A major depressive episode (MDE) is a period characterized by the symptoms of major depressive disorder. Sufferers primarily have a depressed mood for two weeks or more, and a loss of interest or pleasure in everyday activities, accompanied by other symptoms such as feelings of emptiness, hopelessness, anxiety, worthlessness, guilt and irritability, changes in appetite, problems concentrating, remembering details or making decisions, and thoughts of suicide. Insomnia or hypersomnia, aches, pains, or digestive problems that are resistant to treatment may also be present. The description has been formalized in psychiatric diagnostic criteria such as the DSM-5 and ICD-10.
Biological, psychological, and social factors are believed to be involved in the cause of depression, although it is still not well understood. Factors like socioeconomic status, life experience, and personality tendencies play a role in the development of depression and may represent increases in risk for developing a major depressive episode. There are many theories as to how depression occurs. One interpretation is that neurotransmitters in the brain are out of balance, and this results in feelings of worthlessness and despair. Magnetic resonance imaging shows that brains of people who have depression look different than the brains of people not exhibiting signs of depression. A family history of depression increases the chance of being diagnosed.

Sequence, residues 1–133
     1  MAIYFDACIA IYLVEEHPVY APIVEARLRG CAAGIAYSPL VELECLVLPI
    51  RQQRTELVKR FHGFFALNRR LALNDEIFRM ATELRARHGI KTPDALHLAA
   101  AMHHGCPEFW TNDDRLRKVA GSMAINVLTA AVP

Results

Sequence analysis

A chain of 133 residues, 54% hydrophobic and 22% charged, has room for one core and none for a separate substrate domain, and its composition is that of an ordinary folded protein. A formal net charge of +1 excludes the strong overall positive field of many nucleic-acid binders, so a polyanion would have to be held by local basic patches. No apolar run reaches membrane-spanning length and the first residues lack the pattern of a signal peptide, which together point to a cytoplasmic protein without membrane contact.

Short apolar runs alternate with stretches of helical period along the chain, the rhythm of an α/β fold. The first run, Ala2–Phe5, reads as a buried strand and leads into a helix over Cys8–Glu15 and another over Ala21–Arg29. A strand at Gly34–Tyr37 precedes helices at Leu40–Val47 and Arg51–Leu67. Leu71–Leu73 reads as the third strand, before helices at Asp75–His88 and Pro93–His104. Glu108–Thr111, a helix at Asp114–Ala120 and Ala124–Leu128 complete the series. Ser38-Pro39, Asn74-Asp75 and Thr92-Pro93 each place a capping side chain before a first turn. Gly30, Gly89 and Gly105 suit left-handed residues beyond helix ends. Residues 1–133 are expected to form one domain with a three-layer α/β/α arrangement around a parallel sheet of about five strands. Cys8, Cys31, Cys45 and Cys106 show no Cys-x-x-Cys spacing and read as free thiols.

Emotional pain and economic costs are associated with depression. In the United States and Canada, the costs associated with major depression are comparable to those related to heart disease, diabetes, and back problems and are greater than the costs of hypertension. According to the Nordic Journal of Psychiatry, there is a direct correlation between major depressive episode and unemployment.
Treatments for a major depressive episode include psychotherapy and antidepressants, although in more serious cases, hospitalization or intensive outpatient treatment may be required.